Drunk Driving Truck Wrecks: What's the Law?

If you've been in an accident with a drunk commercial truck driver, you'd think your case would be open and shut quickly. The truck driver was breaking a very serious law, so they should have to pay the penalty, right? 

As a Texas personal injury lawyer who's been handling commercial drunk driving incidents for years, I have sad news. No, it's not always that simple. It is not uncommon to see the big rig driver's trucking company hire attorneys to avoid having to pay a large sum of money to the injured victims of the car accident, which is why you need a legal team on your side.

Suing a Trucking Company for a Drunk Driving Accident

When it comes to auto wrecks caused by drunk big rig drivers, there's often a lot of money at stake - sometimes tens of thousands of dollars; money to cover the damage of the victim's wrecked vehicle, ambulance charges, emergency room visits, surgery, physical therapy, lost wages, pain, suffering, and the list goes on.  

If you've been hurt in a Texas traffic collision caused by a drunk CDL driver, you should know that the trucking company (and their insurance provider) won't give that money up easily.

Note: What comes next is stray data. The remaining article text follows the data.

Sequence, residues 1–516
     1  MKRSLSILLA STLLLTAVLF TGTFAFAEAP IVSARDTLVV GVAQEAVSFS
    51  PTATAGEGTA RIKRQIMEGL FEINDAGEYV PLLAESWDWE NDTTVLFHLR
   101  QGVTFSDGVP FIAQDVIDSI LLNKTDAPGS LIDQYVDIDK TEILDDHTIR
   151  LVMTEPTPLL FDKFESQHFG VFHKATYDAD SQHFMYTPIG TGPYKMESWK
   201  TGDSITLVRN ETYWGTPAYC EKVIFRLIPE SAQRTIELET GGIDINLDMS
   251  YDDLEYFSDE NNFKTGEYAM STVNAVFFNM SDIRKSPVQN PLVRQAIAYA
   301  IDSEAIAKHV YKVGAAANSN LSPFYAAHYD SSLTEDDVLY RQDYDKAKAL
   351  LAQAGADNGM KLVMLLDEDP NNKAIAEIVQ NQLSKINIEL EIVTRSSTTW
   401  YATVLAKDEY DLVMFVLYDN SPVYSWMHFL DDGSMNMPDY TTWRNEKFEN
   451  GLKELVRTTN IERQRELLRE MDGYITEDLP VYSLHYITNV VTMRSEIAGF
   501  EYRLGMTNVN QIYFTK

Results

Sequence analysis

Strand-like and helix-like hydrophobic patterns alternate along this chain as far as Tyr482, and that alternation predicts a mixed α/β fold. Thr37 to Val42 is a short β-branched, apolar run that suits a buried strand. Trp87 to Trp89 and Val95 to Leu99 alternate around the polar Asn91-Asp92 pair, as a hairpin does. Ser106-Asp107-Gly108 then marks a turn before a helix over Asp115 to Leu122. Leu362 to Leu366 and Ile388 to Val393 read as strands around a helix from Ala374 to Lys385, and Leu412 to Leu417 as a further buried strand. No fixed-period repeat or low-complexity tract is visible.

Even if the big rig driver was clearly at fault for the wreck, the trucking insurance company will try to minimize it's losses by paying out as little as possible - or nothing at all. They'll try to blame the victim or downplay their trucker's role in the accident. They care about their bottom line, and they'll do whatever they can to protect it.

My first piece of advice to you: never attempt to deal with the motor carrier or their insurance company alone. Always make sure that you consult with an experienced Fort Worth truck accident injury lawyer first.

Also READ: How Do I Find Out If the Truck Driver Who Hit Me Was Drunk? 

Who's Liable in a Texas Drunk Driving Accident?

In addition to facing criminal charges, any intoxicated motorist who causes a collision can also be sued in civil court for damages related to the accident. This allows the injury victim to recover compensation for medical care necessitated by injuries, as well as various other damages.